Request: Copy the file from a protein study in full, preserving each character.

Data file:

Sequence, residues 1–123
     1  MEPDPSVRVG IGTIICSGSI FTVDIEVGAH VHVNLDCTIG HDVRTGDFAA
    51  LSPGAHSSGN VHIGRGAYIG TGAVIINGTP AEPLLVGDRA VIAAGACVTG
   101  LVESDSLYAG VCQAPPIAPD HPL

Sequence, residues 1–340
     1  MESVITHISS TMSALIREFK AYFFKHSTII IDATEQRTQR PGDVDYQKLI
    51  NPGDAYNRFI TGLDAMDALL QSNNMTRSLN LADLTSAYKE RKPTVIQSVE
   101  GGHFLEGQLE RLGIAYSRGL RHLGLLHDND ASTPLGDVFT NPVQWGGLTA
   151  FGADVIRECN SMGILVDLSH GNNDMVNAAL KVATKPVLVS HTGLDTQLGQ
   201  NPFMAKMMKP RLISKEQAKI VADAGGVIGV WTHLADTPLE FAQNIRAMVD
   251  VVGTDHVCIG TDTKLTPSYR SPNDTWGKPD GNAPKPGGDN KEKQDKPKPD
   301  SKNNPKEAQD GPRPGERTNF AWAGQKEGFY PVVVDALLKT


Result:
Sequence, residues 1–123
     1  MEPDPSVRVG IGTIICSGSI FTVDIEVGAH VHVNLDCTIG HDVRTGDFAA
    51  LSPGAHSSGN VHIGRGAYIG TGAVIINGTP AEPLLVGDRA VIAAGACVTG
   101  LVESDSLYAG VCQAPPIAPD HPL

Sequence, residues 1–340
     1  MESVITHISS TMSALIREFK AYFFKHSTII IDATEQRTQR PGDVDYQKLI
    51  NPGDAYNRFI TGLDAMDALL QSNNMTRSLN LADLTSAYKE RKPTVIQSVE
   101  GGHFLEGQLE RLGIAYSRGL RHLGLLHDND ASTPLGDVFT NPVQWGGLTA
   151  FGADVIRECN SMGILVDLSH GNNDMVNAAL KVATKPVLVS HTGLDTQLGQ
   201  NPFMAKMMKP RLISKEQAKI VADAGGVIGV WTHLADTPLE FAQNIRAMVD
   251  VVGTDHVCIG TDTKLTPSYR SPNDTWGKPD GNAPKPGGDN KEKQDKPKPD
   301  SKNNPKEAQD GPRPGERTNF AWAGQKEGFY PVVVDALLKT